Why did religious war break out in the Holy Roman Empire in the 1540s and in the rest of Europe in the second half of the sixteenth century? To what extent were these wars tied to political struggles as well as tensions over religious doctrine?
The Holy Roman Empire formed in the Middle Ages in Central Europe. It consisted of a number of provinces of mixed ethnicities. By 962, the largest of these regions was the Empire of Germany. While the Holy Roman Empire encompassed many ethnic groups, it had one recognized religion. That religion was that of Catholicism. Leadership was controlled by seven regions. Thus, the bond between state and the church was very cozy.
In 1517, Martin Luther challenged the Roman Catholic Church by putting forth his 95 theses, which protested many of the empire’s religious practices. This led to unrest among the common people. They no longer wanted their religious preferences to be dictated by the current rulers. They were not content to have their only understanding of the bible to be issued to them through religious leaders. Especially since most times those rulers and religious leaders were focused on their own welfare and not the welfare of the common citizens. Many times the church, with its immense wealth, was guilty of buying protection from the armies of the monarchs.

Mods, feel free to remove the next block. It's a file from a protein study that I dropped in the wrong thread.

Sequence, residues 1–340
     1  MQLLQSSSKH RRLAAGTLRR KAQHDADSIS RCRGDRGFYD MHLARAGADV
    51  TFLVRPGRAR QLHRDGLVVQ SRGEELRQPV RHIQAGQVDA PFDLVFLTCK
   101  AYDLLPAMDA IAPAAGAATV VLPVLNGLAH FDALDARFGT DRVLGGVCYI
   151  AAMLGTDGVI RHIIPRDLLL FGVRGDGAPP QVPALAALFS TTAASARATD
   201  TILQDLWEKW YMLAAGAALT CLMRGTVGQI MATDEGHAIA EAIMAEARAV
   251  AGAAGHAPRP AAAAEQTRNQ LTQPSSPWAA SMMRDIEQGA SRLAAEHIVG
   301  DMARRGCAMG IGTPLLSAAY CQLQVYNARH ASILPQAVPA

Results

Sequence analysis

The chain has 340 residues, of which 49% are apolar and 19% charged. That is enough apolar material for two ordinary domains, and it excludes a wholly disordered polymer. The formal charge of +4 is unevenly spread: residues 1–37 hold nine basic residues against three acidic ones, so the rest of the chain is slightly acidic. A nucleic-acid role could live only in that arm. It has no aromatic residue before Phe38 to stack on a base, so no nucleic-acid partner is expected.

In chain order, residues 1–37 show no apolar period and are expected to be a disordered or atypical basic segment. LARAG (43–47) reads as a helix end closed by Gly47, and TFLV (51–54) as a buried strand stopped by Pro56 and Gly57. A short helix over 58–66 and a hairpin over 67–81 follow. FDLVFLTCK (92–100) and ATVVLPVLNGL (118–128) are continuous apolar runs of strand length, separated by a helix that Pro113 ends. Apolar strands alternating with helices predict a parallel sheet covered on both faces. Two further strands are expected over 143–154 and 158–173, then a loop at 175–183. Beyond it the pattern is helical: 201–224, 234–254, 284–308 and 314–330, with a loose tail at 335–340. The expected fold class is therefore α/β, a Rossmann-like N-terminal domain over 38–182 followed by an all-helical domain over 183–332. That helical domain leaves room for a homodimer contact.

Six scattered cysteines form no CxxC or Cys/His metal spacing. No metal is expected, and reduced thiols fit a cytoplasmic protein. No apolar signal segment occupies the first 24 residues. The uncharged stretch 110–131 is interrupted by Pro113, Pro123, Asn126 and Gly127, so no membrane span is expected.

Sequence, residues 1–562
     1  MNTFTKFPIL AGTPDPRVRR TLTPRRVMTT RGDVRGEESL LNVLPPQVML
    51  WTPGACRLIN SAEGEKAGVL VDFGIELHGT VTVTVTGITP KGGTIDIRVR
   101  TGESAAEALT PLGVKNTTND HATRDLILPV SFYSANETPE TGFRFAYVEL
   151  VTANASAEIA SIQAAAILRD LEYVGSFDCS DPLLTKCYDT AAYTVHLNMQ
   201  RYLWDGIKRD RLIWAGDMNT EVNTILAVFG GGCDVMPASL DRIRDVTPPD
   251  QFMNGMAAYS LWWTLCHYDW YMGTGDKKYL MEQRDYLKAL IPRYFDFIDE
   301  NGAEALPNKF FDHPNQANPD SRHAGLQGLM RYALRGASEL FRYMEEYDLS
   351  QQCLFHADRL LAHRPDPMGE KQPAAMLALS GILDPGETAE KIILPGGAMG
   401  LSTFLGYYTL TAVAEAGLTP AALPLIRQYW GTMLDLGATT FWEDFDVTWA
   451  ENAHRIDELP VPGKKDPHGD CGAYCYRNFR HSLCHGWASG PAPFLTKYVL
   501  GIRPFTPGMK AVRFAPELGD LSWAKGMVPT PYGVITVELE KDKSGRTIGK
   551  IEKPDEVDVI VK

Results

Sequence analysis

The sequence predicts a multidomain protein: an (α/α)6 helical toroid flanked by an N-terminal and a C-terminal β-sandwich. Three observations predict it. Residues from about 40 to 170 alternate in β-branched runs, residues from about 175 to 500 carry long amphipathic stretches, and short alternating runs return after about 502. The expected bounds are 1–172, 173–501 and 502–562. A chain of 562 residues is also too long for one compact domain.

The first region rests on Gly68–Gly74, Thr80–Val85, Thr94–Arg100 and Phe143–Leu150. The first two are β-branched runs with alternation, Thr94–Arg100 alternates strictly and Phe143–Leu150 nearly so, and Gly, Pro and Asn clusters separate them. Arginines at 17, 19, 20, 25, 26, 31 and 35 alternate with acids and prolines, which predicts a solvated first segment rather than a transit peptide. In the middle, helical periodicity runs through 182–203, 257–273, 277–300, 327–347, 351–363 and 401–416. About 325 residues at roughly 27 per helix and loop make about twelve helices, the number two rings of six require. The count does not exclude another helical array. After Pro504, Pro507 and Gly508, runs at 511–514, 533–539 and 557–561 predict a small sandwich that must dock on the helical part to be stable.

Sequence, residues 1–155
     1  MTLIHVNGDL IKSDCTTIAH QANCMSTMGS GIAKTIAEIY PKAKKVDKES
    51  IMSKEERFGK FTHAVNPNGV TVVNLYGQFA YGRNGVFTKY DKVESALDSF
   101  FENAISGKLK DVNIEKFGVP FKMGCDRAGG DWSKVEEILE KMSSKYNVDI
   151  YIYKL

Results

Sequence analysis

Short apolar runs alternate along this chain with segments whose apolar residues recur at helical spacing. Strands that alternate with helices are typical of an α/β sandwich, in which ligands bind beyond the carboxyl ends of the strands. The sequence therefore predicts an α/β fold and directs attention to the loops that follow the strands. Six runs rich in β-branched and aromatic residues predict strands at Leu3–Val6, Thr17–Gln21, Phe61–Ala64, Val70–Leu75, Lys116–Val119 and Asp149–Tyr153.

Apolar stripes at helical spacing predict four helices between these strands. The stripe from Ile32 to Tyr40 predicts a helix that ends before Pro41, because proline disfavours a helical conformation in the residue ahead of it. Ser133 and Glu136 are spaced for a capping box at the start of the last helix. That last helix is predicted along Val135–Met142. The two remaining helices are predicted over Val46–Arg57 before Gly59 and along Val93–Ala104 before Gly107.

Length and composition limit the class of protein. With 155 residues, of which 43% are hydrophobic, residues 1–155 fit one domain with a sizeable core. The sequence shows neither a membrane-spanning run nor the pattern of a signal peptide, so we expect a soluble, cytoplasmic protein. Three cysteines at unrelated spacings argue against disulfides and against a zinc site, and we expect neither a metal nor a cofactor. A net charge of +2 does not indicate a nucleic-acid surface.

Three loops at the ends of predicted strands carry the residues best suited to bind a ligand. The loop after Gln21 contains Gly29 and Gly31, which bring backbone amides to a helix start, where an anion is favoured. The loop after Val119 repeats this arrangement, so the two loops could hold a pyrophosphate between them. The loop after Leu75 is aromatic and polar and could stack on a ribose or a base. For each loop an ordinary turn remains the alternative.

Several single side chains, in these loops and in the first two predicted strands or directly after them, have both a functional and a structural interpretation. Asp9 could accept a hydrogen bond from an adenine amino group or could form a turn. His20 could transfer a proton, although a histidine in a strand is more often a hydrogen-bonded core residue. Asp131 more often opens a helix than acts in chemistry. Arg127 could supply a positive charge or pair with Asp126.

This unrest between the Lutherans and the Catholics led to much civil unrest. This is not surprising since it is difficult to maintain loyalty to a leader who has different religious views than your own. Moreover, the broadening of religious views soon reached the monarchy. The leaders, as they changed, were no longer available to protect hierarchy of the Catholic church. Soon the leaders of the seven regions found themselves at odds with one another on many issues. It is these difference of opinions, and lifestyles, that led to a series of wars in the second half of the sixteenth century.